Step nine, make direct amends to such people wherever possible. And step 10, it's to continue to take personal inventory. So I was interested that the rabbi had mentioned that - I mean, I'm a Jew myself - that Yom Kippur is often like looking at yourself, what would people say at your funeral, what would you do if this was your last day on Earth, and how would you be judged.
And as a guy who wrecked a lot of lives through my drinking and my behavior, this formally gives me the opportunity to atone for those sins, the behavior, the recklessness, sometimes even endangering people. So it is - I think it's profoundly changed American culture, but this is - Alcoholics Anonymous is worldwide, and I just wanted to know kind of how that brushes up against formal religion and how that's seen by one of the world's oldest religions, Judaism.
CONAN: Well, Rabbi Hoffman, can we get a response from you?
HOFFMAN: Sure, absolutely. I have a very high regard for the 12-step programs. The key to the 12-step programs is spirituality. And what we're seeing now in America, actually, is something of a problem in that synagogues and churches ,and I presume this is true of the Islamic experience, as well, I'm assuming that the problems exist throughout America, that the established, organized religious institutions are accused of not being spiritual.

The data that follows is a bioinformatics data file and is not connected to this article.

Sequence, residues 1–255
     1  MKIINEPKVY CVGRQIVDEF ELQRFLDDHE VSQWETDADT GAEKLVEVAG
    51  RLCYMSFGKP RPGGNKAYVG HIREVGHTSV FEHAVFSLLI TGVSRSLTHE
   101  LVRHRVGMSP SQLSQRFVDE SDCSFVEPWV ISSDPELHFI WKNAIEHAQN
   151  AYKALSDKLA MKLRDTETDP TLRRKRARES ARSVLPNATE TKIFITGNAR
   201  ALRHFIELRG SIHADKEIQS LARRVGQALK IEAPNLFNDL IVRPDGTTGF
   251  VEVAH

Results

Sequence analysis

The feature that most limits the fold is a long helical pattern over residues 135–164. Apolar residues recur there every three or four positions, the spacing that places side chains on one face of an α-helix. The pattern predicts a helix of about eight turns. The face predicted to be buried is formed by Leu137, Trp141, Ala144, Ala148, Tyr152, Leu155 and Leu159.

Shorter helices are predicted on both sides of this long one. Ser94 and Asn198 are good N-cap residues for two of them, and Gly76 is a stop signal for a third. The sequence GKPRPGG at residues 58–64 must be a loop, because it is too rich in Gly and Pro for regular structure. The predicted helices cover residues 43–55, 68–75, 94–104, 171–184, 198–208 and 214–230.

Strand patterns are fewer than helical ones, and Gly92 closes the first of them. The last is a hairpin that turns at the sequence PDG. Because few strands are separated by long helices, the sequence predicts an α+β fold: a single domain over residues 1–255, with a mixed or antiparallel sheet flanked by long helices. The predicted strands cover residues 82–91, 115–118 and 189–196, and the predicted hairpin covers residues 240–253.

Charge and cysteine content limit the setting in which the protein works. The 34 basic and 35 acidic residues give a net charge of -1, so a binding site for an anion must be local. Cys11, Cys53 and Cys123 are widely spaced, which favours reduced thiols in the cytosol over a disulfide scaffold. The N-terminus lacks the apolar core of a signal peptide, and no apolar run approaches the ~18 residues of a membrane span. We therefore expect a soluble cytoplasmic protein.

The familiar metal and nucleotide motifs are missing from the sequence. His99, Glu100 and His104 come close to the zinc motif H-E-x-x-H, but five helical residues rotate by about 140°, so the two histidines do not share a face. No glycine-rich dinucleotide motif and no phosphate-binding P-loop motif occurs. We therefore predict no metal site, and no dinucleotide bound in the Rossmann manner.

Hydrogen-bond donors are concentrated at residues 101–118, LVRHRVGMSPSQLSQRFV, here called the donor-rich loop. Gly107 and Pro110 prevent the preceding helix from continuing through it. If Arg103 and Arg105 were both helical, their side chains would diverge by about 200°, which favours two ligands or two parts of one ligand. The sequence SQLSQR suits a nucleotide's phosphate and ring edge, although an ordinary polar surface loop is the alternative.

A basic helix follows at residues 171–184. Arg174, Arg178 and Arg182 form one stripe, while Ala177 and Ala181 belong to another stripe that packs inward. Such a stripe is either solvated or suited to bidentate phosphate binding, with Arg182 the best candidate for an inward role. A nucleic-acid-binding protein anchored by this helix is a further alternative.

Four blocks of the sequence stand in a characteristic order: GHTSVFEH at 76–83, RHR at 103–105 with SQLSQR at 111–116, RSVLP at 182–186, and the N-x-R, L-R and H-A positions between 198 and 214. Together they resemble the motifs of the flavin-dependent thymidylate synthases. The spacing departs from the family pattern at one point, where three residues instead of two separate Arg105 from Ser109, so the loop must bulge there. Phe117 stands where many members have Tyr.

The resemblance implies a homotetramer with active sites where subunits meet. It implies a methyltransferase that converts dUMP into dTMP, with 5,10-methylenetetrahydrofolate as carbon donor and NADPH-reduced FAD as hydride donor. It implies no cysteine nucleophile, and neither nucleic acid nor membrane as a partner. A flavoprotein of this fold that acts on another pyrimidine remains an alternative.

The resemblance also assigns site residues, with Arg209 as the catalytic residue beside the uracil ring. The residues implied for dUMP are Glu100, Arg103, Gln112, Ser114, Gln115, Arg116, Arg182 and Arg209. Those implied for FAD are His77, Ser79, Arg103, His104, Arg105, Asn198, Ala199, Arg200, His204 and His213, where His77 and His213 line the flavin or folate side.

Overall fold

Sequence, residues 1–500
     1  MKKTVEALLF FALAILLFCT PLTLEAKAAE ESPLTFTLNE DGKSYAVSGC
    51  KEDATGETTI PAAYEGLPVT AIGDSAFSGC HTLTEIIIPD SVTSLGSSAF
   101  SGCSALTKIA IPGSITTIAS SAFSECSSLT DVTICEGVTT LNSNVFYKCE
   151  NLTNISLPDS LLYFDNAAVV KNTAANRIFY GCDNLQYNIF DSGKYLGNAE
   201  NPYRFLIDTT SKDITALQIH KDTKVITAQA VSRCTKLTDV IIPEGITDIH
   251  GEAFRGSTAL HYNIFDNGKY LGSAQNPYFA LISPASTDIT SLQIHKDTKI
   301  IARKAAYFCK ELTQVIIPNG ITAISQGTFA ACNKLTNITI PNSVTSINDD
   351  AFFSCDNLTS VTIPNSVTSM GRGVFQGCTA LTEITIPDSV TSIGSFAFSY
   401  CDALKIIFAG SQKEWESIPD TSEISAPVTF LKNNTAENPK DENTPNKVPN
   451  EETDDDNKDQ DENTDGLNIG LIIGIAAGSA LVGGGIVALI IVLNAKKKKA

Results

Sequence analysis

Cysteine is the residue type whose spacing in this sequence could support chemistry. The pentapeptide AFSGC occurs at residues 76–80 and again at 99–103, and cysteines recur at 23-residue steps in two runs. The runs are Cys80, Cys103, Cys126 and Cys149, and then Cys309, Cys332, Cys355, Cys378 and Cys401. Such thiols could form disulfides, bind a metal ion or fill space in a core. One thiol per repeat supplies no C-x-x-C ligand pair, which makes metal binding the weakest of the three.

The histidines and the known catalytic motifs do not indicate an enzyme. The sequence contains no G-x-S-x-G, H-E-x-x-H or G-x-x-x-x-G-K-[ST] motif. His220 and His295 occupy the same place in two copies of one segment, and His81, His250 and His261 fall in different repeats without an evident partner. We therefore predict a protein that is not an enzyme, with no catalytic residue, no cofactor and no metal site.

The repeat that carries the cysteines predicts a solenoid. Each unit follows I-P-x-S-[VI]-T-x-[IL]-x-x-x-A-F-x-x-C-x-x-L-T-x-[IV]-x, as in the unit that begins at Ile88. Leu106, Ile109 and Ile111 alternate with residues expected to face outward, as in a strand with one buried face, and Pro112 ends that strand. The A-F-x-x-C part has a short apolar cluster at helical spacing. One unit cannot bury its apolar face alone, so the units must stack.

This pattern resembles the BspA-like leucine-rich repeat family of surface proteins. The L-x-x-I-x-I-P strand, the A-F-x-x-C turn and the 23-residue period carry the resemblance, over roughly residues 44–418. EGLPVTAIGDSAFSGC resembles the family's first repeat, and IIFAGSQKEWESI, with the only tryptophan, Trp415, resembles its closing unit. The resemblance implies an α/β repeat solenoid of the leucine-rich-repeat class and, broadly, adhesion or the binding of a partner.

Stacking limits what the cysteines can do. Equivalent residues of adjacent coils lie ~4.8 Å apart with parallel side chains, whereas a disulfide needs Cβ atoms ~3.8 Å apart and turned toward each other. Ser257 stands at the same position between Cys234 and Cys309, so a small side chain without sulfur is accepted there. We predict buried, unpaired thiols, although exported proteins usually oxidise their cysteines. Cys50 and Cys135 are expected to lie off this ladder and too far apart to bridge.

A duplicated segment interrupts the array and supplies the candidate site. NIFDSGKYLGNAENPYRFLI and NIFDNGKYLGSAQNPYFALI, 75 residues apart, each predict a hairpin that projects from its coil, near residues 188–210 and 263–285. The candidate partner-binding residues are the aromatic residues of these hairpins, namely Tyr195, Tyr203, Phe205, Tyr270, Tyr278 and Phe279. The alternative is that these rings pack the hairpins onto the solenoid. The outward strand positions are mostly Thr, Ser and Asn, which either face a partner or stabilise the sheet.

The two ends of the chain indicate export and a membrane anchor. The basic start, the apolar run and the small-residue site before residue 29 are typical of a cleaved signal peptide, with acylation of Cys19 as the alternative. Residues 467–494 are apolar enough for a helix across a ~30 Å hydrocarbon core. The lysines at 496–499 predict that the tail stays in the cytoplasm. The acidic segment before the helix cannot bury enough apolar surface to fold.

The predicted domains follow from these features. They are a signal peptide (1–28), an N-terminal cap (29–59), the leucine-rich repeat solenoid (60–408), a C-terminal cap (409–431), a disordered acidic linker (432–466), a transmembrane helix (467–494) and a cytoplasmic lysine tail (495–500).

So in fact what we're discovering now is that there's a huge search for spirituality everywhere across the country, and a lot of that has to do with the sense of self-worth and a sense of the reality of what we are as human beings. So I think in fact there's some catching up that religious institutions have to do towards the 12-step program to learn what spirituality is all about.